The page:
These strands of Ukraine’s “corruption consensus” continue against the background of foreign reformers leaving Ukrainian politics.
Over the past year, finance minister Natalie Jaresko and economy minister Aivaras Abromavičius have both left. Georgia’s David Sakvarelidze and Khatia Dekanoidze, responsible for reforming Ukraine’s law enforcement structures, have also been forced out. Mikhail Saakashvili, Odessa’s regional governor, wrote a resignation letter in which he accused the president of corruption. Gizo Uglava, the last remaining specialist from Georgia, is still the first deputy of the NABU, but he’s also under pressure — in 2016, the authorities tried to remove his Ukrainian citizenship at the request of the presidential administration.
This year, Ukraine’s anti-corruption crusaders, including myself, have come under unprecedented attack by the kleptocrats, who are using the police, judges, security services and internet bots to settle scores. These are people for whom honesty is to set up deals between their own shell companies and state enterprises after they come to power. For whom morality is to shed a tear on the Avenue of the Heavenly Hundred, and then 50 metres later discuss a new scheme for the Odessa Port Plant or Tsentrenergo. For whom ambition means becoming Ukraine’s number one oligarch, not a reformer president.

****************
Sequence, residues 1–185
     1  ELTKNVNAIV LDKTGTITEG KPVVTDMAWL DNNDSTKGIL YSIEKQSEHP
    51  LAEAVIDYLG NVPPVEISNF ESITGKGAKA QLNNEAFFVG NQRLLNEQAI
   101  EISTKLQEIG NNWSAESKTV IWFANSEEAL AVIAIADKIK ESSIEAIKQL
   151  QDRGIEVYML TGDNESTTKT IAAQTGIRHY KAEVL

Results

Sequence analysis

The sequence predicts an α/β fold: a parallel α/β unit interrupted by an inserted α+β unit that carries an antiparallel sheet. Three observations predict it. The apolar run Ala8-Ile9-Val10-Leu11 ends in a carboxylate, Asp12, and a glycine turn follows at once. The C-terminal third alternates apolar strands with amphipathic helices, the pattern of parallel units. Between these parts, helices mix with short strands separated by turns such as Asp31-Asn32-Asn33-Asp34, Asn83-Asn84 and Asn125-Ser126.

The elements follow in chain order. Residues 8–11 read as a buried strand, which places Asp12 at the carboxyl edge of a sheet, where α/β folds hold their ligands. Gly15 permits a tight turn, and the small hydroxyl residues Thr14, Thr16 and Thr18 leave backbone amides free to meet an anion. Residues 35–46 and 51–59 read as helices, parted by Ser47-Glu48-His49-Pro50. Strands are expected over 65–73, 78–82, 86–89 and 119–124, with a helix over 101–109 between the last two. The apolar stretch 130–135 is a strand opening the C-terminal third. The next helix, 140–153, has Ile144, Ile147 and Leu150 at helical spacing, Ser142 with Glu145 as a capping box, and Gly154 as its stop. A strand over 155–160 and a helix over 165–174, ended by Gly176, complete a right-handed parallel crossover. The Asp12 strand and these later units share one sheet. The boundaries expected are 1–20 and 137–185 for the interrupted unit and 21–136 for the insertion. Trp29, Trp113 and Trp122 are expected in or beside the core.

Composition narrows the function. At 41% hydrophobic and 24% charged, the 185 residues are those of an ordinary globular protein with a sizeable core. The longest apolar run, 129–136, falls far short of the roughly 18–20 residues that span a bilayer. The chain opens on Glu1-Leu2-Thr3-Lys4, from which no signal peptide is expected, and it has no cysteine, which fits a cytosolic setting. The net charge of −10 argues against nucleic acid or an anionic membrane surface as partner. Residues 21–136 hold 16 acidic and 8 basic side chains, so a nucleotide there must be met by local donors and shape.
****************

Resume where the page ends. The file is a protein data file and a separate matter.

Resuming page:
Ukraine’s presidential elections are due to start in 18 months. And this means the space for reform is shrinking, and professionalism will be substituted by populism in the corridors of power. The reform process is being wound up, and Ukraine needs the support of the west like never before. The government in Kiev is still dependent on the support of the IMF, the macro-financial support of the EU and the US. This is why every dollar or euro sent to Ukraine should be matched not only by a report on laws passed, but also their successful implementation.
The example set by the law on e-declarations, which has now launched, has revealed huge amounts of cash undeclared by Ukraine’s politicians, but hasn’t yet led to any real consequences. The attacks on the National Anti-Corruption Bureau should be stopped, and the political persecution of anti-corruption activists should carry consequences, even to the point of sanctions on representatives of the ruling elite, which is mired in kleptocracy.
If this fails to happen, we could see a repeat of the Moldova scenario in Ukraine, the resurgence of pro-Russian forces and the final blow to the hopes of the millions who, three years ago, made their belief in democratic values public.
Sergii Leshchenko is a Ukrainian journalist and a member of the Verkhovna Rada. All views expressed are made in a personal capacity.
Article courtesy of Open Democracy